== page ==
Changing Name after Divorce
Guide to Changing Name after Divorce
Steps for Changing Name after Divorce
Every state has different forms for changing your name after divorce, but most of the steps other than the proper paperwork are fairly standard. If you are working with a family law attorney, he or she will also be able to give you advice. While looking for your state’s unique “Restoration of Former Name” form, you can find these very forms on this website. The forms on this website are updated and quite easy to fill out.
The following steps are standard for changing your name after divorce from state to state:
Download your state’s unique form from this website or travel to your County Clerk’s Office. You’ll need your case number from the petition for dissolution and the date on which the petition was filed. If you don’t have copies of these numbers and dates, your Clerk will be able to help you with the locating the right information.
Depending on your form, the following section may be labeled differently. However, in the section that states the “Attorney or Party Without Attorney,” place your current name and address in this section.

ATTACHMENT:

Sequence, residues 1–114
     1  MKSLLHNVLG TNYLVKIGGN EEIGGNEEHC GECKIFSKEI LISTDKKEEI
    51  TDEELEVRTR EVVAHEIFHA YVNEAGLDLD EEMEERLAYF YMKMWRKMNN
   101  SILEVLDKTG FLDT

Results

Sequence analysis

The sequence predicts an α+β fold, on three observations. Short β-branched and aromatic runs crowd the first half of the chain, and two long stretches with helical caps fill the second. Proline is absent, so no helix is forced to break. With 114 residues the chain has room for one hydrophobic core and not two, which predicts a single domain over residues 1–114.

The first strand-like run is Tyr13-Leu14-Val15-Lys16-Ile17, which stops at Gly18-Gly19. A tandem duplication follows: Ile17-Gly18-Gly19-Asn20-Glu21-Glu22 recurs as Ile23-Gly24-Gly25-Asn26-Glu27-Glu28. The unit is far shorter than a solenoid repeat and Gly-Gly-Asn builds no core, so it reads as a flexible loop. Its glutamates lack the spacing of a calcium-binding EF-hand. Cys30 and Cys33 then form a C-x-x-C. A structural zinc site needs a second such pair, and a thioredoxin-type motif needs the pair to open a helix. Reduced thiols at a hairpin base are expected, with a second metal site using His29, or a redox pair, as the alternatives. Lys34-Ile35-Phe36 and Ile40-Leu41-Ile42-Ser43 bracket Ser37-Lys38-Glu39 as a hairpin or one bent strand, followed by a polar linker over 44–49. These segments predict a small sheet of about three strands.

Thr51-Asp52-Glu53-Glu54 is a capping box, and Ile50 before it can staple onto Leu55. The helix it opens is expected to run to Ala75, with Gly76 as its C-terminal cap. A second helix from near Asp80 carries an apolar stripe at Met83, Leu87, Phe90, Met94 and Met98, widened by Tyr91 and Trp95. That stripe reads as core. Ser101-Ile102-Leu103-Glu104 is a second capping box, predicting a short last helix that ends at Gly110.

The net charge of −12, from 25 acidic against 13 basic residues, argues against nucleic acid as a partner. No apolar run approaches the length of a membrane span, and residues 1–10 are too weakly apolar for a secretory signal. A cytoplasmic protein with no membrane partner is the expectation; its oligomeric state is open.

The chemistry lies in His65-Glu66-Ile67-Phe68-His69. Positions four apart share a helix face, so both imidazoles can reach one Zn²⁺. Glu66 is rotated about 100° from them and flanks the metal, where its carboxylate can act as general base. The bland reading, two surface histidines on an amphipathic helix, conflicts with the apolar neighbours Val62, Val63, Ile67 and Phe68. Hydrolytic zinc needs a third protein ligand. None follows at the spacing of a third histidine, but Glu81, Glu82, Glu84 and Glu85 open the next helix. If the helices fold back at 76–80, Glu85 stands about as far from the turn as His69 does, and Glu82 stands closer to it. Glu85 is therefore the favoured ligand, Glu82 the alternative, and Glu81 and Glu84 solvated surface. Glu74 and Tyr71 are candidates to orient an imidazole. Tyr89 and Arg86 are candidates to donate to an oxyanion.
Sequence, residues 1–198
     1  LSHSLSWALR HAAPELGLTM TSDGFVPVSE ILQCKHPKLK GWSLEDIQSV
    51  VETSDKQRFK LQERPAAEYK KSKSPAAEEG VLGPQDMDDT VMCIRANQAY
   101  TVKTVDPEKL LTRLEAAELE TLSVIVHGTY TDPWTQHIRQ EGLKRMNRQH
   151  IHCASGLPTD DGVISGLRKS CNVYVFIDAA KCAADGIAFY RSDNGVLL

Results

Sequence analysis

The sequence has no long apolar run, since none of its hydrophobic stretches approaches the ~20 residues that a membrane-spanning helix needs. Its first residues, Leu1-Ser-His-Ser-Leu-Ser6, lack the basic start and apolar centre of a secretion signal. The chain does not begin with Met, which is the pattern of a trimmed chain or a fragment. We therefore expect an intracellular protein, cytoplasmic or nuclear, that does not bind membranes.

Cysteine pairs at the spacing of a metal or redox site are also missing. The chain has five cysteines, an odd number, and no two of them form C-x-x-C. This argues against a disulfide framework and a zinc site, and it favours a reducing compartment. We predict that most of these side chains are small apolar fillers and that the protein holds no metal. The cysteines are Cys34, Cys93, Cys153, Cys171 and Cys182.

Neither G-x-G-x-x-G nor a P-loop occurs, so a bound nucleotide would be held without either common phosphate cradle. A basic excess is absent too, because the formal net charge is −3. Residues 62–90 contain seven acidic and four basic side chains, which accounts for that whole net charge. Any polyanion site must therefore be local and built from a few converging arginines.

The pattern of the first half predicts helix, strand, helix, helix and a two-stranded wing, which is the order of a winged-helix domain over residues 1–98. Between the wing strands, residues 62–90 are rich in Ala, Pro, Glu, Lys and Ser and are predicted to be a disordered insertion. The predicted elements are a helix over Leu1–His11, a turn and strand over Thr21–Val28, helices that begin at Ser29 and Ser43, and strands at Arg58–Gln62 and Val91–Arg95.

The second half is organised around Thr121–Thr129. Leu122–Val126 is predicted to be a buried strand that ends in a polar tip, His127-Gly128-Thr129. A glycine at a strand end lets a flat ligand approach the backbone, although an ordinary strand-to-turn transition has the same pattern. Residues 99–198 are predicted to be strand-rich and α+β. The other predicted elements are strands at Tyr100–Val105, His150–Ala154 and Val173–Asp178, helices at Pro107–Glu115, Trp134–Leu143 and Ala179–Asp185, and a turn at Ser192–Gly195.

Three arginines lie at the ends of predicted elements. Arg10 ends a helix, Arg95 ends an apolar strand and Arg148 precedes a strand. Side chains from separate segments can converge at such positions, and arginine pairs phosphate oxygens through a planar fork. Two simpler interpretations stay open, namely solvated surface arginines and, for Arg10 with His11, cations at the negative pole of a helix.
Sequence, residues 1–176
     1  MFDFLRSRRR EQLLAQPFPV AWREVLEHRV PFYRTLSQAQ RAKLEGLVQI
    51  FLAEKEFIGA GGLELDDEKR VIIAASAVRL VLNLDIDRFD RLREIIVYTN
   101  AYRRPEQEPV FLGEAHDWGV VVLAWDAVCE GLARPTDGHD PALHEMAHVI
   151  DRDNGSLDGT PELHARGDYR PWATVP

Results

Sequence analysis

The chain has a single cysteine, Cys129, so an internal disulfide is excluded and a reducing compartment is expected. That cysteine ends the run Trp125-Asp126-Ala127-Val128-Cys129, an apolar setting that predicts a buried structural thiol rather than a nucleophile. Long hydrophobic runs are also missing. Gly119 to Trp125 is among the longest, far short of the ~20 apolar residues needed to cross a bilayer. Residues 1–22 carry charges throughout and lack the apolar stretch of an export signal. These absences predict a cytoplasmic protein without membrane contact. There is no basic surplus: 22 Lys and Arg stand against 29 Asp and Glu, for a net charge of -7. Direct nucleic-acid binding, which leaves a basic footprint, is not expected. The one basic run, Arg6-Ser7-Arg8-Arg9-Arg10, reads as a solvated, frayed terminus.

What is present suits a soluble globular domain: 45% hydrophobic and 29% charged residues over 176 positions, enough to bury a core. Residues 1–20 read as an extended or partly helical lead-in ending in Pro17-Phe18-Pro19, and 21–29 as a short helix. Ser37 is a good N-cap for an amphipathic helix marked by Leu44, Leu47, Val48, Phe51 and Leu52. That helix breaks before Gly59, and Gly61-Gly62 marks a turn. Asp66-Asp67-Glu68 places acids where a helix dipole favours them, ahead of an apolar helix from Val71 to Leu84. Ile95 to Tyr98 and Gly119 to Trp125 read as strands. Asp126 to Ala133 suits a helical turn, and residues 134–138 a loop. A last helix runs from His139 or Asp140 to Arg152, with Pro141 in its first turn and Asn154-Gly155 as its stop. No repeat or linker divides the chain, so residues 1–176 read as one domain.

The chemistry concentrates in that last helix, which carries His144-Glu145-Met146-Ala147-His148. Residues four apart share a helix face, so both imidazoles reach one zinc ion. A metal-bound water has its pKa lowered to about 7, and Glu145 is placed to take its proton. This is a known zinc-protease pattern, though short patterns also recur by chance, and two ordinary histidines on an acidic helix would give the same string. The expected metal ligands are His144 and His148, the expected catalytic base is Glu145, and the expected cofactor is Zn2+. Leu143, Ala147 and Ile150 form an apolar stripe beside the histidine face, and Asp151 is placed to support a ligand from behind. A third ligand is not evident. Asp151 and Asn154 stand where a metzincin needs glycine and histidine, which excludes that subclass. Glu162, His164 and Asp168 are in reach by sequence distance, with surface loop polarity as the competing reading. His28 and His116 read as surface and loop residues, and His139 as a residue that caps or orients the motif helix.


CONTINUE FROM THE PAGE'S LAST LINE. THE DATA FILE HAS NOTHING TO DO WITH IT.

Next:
On the line in which you’re to put your new name, print legibly and specify your former name before you took your spouse’s name.
When signing the document, sign with your present or married name. Take this form to the County Clerk’s Office and submit the document. You will probably be required to pay a filing fee, but you may be able to obtain a fee waiver in some cases. If the Clerk’s office is not busy the day you go in, they may provide you with a copy of the evidence of the name change right there on the spot. Otherwise, you will have to give them a forwarding address and stamped envelope so they can send you the proper paperwork.
After you have the proper paperwork that provides proof of the name change, you need to start changing your name for utilities and identification like your driver’s license. You will also have to change your name at the bank, with credit card companies, and social security as well.
*Side Note: If you are still in the process of changing your name and need to sign important documents, you can use both signatures by providing your new name followed by AKA (your old name).
Again, each state’s paperwork is different, but most states follow the same steps. When filing for a petition, the document will often ask you if you want to change your name back to your former name, but you will still have to fill out a separate form.
Once your name is changed, it will take some time for everyone to become adjusted to your new name. Decide how you will respond to people calling you by your married name so you aren’t shocked.